Irene Longman, Member for Bulimba. Photo: Wikipedia Commons.

Ryan’s idealism notwithstanding, it would be 14 years before a woman would be elected to Queensland Parliament — Irene Longman (left) in 1929.

Another 37 years would pass until Vi Jordan was elected as the Member for Ipswich West in 1966. At least by then there was a women’s toilet. But it would be many, many more before women would achieve leadership positions and begin to challenge the atmosphere of Parliament that Joan Sheldon (2005) recalled was ‘very aggressively male’ when she was elected in 1990. Only 11 women had sat in the Queensland Parliament before 1989; a further 12 would join their ranks in the 1990s.

However, as Premier Palaszczuk and our other panellists have shown by example, much has been achieved since women’s right to stand for Queensland Parliament was legislated in 1915.

But the work of promoting a more diverse and inclusive Parliament — one that reflects the community it serves — is far from finished, both here and nationally. There is much to do to ensure MPs both understand and are able to represent the concerns and interests of their constituents in a polity that is becoming increasingly diverse.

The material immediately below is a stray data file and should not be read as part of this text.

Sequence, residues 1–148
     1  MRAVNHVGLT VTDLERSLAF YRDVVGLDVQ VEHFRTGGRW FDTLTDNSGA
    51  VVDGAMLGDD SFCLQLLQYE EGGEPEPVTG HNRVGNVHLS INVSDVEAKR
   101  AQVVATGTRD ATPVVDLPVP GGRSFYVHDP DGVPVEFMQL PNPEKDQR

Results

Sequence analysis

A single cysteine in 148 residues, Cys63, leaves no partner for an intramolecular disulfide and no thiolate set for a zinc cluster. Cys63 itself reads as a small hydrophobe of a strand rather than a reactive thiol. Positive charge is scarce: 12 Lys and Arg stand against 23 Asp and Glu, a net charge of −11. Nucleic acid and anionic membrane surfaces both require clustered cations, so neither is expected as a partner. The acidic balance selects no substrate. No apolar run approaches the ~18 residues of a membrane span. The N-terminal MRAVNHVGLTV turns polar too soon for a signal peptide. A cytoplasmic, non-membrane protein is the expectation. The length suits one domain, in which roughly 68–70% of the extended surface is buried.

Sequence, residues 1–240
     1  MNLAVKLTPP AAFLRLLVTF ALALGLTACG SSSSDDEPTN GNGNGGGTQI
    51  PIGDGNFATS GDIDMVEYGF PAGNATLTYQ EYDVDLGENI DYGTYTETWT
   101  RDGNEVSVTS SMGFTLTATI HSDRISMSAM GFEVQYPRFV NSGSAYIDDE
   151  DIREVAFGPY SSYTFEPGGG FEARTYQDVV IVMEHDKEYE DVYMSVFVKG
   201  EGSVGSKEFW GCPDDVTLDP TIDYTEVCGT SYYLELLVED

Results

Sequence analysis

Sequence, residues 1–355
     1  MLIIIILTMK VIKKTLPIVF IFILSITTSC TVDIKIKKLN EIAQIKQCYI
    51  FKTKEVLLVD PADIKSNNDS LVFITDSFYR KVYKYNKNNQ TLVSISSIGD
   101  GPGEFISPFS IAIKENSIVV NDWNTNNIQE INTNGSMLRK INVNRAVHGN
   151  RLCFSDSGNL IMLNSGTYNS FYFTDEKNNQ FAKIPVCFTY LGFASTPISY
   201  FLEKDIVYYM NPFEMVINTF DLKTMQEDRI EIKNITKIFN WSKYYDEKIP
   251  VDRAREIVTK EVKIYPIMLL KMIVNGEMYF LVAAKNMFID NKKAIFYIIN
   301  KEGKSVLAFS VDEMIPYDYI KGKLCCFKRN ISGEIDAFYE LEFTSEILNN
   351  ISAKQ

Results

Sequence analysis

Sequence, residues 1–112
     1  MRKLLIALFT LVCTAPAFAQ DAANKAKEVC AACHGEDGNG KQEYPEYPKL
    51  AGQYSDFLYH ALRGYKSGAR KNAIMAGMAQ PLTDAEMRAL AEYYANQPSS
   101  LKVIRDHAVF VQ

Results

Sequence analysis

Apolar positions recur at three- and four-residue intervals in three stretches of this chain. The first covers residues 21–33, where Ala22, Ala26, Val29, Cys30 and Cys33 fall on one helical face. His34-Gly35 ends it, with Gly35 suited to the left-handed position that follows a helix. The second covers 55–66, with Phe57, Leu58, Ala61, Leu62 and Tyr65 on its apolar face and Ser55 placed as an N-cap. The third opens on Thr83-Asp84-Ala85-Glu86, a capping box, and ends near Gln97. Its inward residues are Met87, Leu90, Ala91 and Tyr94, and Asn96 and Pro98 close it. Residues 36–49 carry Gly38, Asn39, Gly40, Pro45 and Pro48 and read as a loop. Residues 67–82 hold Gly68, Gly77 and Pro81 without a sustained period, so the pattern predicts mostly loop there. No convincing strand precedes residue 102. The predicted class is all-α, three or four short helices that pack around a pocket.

Not diverse in the ethno-cultural concentrations that are characteristic of other federations (such as Canada or Switzerland, for example), but by spatial, territorial, cultural and economic measures, such as: ethnicity, religion and language; types of industry; access to education, information and services; and importantly, the distribution of opportunities and wealth.[2]

Looking Forward: Tackling systemic barriers to the diversity we need

The audience assembled here will be aware, for example, that Australia’s comparative ranking for women in national parliaments has steadily declined over the past decade from 20th position in 2001 to 48th in 2014.

There are two women in the Federal Cabinet, where as you know, appointments are made strictly on that notoriously neutral concept of ‘merit’ and apparently free of unconscious bias that constructs the public space as inherently male.

We are assured ‘lots of good and talented women are ‘knocking on the door’ of the Abbott Cabinet and others still ‘knocking on the door of the ministry’. Many in the federal Coalition, including the Prime Minister’s Chief of Staff, have expressed concerned about the lack of a ‘pipeline’ that would give women opportunities and experience to move into leadership. Peta Credlin argues the political parties’ failure to pre-select women candidates for safe seats only entrenches inequality.